ALL ANIMALS ARE EQUAL
BUT SOME ANIMALS ARE MORE EQUAL THAN OTHERS

If Tim Eyman had any integri­ty, he’d care about get­ting details like his quo­ta­tions right… but he does­n’t, so his emails are often rid­dled with infor­ma­tion that is sim­ply in error. And sad­ly, over the years, there have been many times where Eyman’s fab­ri­ca­tions have been repeat­ed in the press due to not hav­ing been fact-checked.

I hap­pen to have per­son­al­ly met most of the jus­tices cur­rent­ly serv­ing on Wash­ing­ton’s Supreme Court. From talk­ing to them and read­ing their opin­ions, I know how seri­ous­ly they take their oaths of office. The Court’s duty is to uphold our Con­sti­tu­tion, and that is what it has been try­ing to do in the McCleary case. It is the Leg­is­la­ture that is col­lec­tive­ly refus­ing to fol­low Arti­cle IX of our Con­sti­tu­tion by amply pro­vid­ing for the edu­ca­tion of Wash­ing­ton’s youth.

If the Leg­is­la­ture would sim­ply com­ply with the Court’s orders, there would be no risk of a con­sti­tu­tion­al cri­sis. But the Leg­is­la­ture has not been will­ing to do so. Law­mak­ers have been drag­ging their feet for years, and as a result, our kids aren’t get­ting the edu­ca­tion the Con­sti­tu­tion says they’re sup­posed to get.

That’s wrong. The Leg­is­la­ture’s cul­ture of fail­ure is unac­cept­able. That’s why the Court heard oral argu­ments yes­ter­day over pos­si­ble next steps in the case.

The Court’s nine jus­tices (by the way, Tim, they’re called jus­tices) are sup­posed to be stick­lers for the Con­sti­tu­tion. Our sys­tem of gov­ern­ment was designed with checks and bal­ances: each branch has a role to play in hold­ing the oth­ers account­able. The Court is hold­ing the Leg­is­la­ture account­able for its fail­ures — or try­ing to at least. Some mem­bers (ahem, Matt Man­weller) clear­ly resent this.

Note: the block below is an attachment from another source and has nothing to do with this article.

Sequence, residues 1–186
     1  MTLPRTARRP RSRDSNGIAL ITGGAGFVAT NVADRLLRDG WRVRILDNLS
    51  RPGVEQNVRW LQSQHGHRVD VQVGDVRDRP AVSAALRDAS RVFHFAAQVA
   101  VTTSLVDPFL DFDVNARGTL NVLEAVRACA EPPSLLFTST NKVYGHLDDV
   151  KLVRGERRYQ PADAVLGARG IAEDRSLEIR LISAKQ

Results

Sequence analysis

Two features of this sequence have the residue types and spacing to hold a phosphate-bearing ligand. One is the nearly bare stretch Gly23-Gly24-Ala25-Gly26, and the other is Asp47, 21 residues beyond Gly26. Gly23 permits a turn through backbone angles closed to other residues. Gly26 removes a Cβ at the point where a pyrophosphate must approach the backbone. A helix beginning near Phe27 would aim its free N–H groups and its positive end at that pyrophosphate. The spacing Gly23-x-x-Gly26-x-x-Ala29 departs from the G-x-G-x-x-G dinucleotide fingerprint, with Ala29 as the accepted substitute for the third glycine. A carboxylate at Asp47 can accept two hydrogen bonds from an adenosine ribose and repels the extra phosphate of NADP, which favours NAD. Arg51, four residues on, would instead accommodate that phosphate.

As the Court’s nine jus­tices are pop­u­lar­ly elect­ed from across the entire state, Man­weller, Eyman, and the right wing are seek­ing to defeat the three incum­bents who are up this year with their own slate of can­di­dates. Eyman has been using his email list to aggres­sive­ly pro­mote this slate of challengers.

In the Top Two elec­tion, only one of the three Supreme Court con­tests appeared on the bal­lot because the oth­ers drew only two can­di­dates. That posi­tion (Posi­tion #5) is cur­rent­ly held by Chief Jus­tice Bar­bara Mad­sen, who Eyman despises.

Despite hav­ing hun­dreds of thou­sands of dol­lars spent against her (with much of that mon­ey sup­plied by Ken­neth Fish­er, one of Eyman’s wealthy bene­fac­tors), Mad­sen cruised to a first place fin­ish with a whop­ping 63.9% of the vote.

Unde­terred by Mad­sen’s land­slide vic­to­ry and the mas­sive fail­ure of the large inde­pen­dent expen­di­ture against her, Eyman has con­tin­ued to pro­mote the right wing’s pre­ferred slate through a series of email mis­sives while urg­ing his fol­low­ers to pep­per the jus­tices with emails telling them how awful they are.

“If you think these judges have gone com­plete­ly rogue, then we want every­one — AND WE MEAN EVERYONE — to send them an email and tell them what you think.  Send them a mes­sage in your own words.  But send them some­thing right away, right now,” Eyman exhort­ed in his email today. (Empha­sis is his).

It is iron­ic that Eyman would com­pare our state’s Supreme Court jus­tices to the pigs from Ani­mal Farm when it is he and his wealthy bene­fac­tors who are most like the pigs. If you’ve read Ani­mal Farm, then you know that the pigs in the novel­la are self­ish wealth hoard­ers — not unlike Eyman’s wealthy bene­fac­tors. Con­sid­er this excerpt from Chap­ter 3 of the novel­la [spoil­er alert!]:

The ear­ly apples were now ripen­ing, and the grass of the orchard was lit­tered with wind­falls. The ani­mals had assumed as a mat­ter of course that these would be shared out equal­ly; one day, how­ev­er, the order went forth that all the wind­falls were to be col­lect­ed and brought to the har­ness-room for the use of the pigs. At this some of the oth­er ani­mals mur­mured, but it was no use. All the pigs were in full agree­ment on this point, even Snow­ball and Napoleon. Squeal­er was sent to make the nec­es­sary expla­na­tions to the others.

Here I will pause and note that Squeal­er — who is the Ani­mal Farm char­ac­ter that Eyman most resem­bles — serves as the spoke­spig for the oth­er pigs.